Author: Julia Wrigley

From the Editors

One need not be a Christian or religious at all to feel that the human race, if it does not change its behavior, seems to be heading toward an apocalypse, toward the destruction of the planet and human life.

From the Editors

After protests and occupations temporarily shut down ICE offices, Donald Trump suffered a significant political defeat when he was forced to reverse himself on separating immigrant children from their parents after they were arrested at the border. By and large, people were horrified at the separation of kids from their families and at the creation of what were basically prison camps for children. Polls showed that only about a quarter of the U.S. population supported Trump on this child-hostage policy, though about half of Republicans did.

From the Editors

We wish our readers a Happy New Year, though we know that you take little joy in it, politically speaking. If we take no joy, we do sometimes find humor in President Donald J. Trump’s proclamations by Twitter, such as his claim that he is a “stable genius.” The current debate revolves around which of those two words is more ridiculous.

From the Editors

Since Donald Trump has taken up residence in the White House, the country has faced a series of political controversies, a barrage of right-wing legislative and regulatory initiatives, a growing far-right movement, but also a broadening resistance from various sectors of society.

From the Editors

The inauguration of Donald Trump as the president of the United States opens what we fear will be one of the darkest and most dangerous periods in American history since the founding of this journal in 1961.

From the Editors

We have had an extraordinary presidential primary in 2016: in addition to the establishment candidate, Hillary Clinton, we have an authoritarian demagogue, Donald Trump, who has unleashed a reactionary rage which harkens back to fascism, and another, Bernie Sanders, who calls himself a democratic socialist.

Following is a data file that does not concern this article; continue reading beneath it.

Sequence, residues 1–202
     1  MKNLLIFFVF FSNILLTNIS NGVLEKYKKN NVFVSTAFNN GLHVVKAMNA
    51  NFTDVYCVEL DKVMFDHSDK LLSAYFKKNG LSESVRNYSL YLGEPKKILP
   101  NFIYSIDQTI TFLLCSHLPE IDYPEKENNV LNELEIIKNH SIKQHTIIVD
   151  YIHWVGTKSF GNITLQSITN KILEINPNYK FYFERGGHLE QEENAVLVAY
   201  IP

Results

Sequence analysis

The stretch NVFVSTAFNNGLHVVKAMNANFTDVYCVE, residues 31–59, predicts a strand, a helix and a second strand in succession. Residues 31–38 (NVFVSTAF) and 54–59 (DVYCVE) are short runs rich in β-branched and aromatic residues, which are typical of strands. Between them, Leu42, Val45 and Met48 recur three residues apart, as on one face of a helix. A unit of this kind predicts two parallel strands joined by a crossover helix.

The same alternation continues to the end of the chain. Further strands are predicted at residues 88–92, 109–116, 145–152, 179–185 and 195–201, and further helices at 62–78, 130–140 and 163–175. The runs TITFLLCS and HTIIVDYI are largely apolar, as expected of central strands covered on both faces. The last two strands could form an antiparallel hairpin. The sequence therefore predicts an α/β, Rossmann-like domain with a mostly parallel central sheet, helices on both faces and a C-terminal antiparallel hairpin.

From the Editors

In this issue we are proud to present a previously unpublished lecture by C.L.R. James, the noted Afro-Caribbean Marxist intellectual. His discussion of Oliver Cox’s book Caste, Class, and Race, first published in 1948, brings an historic Black socialist voice to illuminate some of the issues that face our own times and the demand that Black Lives Matter.

From the Editors

Before turning to the current issue, we want to say a word about the new role that New Politics is playing on the left. New Politics has always been a source of analysis of national and world politics from the point of view of “socialism from below.” More recently, however, we’ve also become—as a print journal and as an online website—a locus for debate on the democratic left. Last issue we began and this issue we continue our series on “The Left We Need,” with articles by all together a dozen different left organizations.

Ferguson and Staten Island

Exemplars of America’s Racialized Capitalism

The killings of Michael Brown and Eric Garner, by police who were not indicted by grand juries in Missouri and New York, represent only the latest in a string of such police or vigilante killings—sometimes clearly murders—of African-American or Latino men.

From the Editors

Contemporary capitalist society faces multiple crises: environmental catastrophe, proliferating wars, multiplying authoritarian governments, inequality, poverty, and failing health and education systems. Everywhere new democratic and progressive social movements continue to arise, from Ferguson, Missouri, to the Climate March in New York City, to the movement for democracy in Hong Kong. And yet, in most countries the democratic socialist left is small, weak, and divided.

From the Editors

In this issue, we shift our focus toward domestic concerns, though we also look abroad with anxiety and trepidation.

From the Editors

Accounts of the great Chicago Teamster strike of 1905 tell us that when the employers attempted to move the wagons driven by non-union workers through the streets of the city, working class women went to their windows and threw garbage, boiling water, and whatever else was available on the heads of the scabs below.

review

Migration, Domestic Work, and Repression

In their edited collection, Global Woman: Nannies, Maids, and Sex Workers in the New Economy, Barbara Ehrenreich and Arlie Hochschild write that Third World women are on the move as never before, filling jobs in the "homes, nurseries, and brothels of the First World" (2002). The rushed and materialistic societies of the First World leave working parents little time to look after their children or their own parents. Women migrating from poor countries fill the gap.

Top